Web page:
Raised by two psychologists, Madeleine Kline had wanted to become a doctor since she was little. And when she learned in high school how human activity was fueling climate change, she concluded “it felt fundamentally like a health problem.”
So it seemed the most natural thing for her to go into medicine. And once at Harvard Medical School, she combined her two interests to help produce a novel undertaking at the 350-year-old institution: embed teaching about the effects of climate change into all four years of the medical degree curriculum.
“I realized that the world then,” she said of her youth, “was not the world that I was going to inhabit as an adult or raise my children in. And, if I wanted to help take care of people, I needed to understand the challenges my patients were going to face.”
Now in her third year, Kline was among a small group of students and faculty who helped convince school leaders to adopt the new curriculum, which was approved earlier in January. It will include instruction on the effects of climate change on human health, the role health care systems play in contributing to climate change, and how physicians can work to be part of the solution.
Intense temperatures can cause hypothermia or heat stroke, particularly among elderly and homeless people, while survivors of extreme weather events such as a cataclysmic hurricane can experience high levels of anxiety and post-traumatic stress disorder, according to research from the CDC. And, the National Institutes of Health found that changes in air and water temperatures can increase bacteria, parasites, and chemical contaminants in food, according the National Institutes of Health..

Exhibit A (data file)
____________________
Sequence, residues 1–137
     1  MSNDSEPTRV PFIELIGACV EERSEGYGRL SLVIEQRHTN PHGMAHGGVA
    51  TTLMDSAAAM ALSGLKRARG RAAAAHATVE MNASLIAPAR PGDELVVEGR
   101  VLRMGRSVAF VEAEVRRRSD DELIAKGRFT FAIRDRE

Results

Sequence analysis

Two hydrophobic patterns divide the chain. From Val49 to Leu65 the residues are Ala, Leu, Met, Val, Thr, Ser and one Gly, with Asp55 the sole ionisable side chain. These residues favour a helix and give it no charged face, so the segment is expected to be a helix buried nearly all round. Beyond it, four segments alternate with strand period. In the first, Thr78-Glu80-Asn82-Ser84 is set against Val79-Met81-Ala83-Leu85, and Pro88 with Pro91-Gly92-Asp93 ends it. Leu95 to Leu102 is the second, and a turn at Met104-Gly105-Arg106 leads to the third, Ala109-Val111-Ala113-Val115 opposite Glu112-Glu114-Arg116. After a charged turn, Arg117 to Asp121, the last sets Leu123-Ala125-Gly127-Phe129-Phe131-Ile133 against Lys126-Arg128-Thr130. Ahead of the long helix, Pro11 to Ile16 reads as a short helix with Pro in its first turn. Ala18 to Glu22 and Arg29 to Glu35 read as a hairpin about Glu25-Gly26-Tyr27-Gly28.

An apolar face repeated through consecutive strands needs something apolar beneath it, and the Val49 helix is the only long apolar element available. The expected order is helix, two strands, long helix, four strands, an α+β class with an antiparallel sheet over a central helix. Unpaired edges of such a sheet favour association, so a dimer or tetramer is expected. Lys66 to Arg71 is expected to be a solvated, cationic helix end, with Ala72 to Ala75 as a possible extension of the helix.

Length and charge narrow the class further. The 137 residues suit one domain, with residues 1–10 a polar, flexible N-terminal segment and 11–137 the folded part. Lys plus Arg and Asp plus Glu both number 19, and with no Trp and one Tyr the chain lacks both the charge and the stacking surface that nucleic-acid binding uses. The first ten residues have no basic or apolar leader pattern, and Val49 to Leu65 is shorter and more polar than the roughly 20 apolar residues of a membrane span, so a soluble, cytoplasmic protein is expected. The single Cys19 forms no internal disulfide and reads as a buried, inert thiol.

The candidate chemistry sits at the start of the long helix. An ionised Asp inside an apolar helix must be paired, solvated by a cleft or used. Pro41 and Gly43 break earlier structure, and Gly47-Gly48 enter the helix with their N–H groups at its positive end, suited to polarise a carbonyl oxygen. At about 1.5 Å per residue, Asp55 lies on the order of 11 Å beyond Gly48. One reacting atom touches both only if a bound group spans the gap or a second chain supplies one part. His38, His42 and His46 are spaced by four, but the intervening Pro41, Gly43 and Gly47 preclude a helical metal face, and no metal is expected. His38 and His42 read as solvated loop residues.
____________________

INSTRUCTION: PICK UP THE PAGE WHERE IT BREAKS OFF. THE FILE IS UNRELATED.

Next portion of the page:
One curricular change teaches Harvard medical students the effects of extreme weather on organs. The student group suggested that when instructors teach about the kidney, they briefly cover a chronic kidney disease called Mesoamerican Nephropathy that is prevalent among young, agricultural workers, primarily in Central America, which NIH research found may be linked to “recurrent dehydration” in hot climates.
“We thought it was an opportunity to really highlight a number of different ways that the climate crisis impacts communities,” Kline said. “There’s a clear link between extreme heat, agricultural practices, and this chronic kidney disease in these low- and middle-income countries.”
The changes, which begin this spring, are the culmination of more than a year’s worth of planning. Kline and her peers worked with course directors and faculty to find ways to integrate climate-related knowledge into existing lectures without adding too much new information to already-packed courses. The school is not adding new courses.
For example, all new students take a course called Introduction to the Profession, which teaches them the responsibilities and expectations of medical students and doctors. Last year, the course examined climate advocacy as a way for medical students and physicians to support their patients, said fourth-year student Julia Malits.
“We thought about [courses] individually and, one by one, worked on curricular content in close collaboration with both the faculty course directors who run the course and faculty experts,” said Malits, also a member of the student group.
Dr. Gaurab Basu, the new climate and health curriculum theme director at Harvard Medical School, said understanding how the climate crisis will have an impact on patients is crucial for the coming generations of physicians, especially as the threat to human health continues to grow.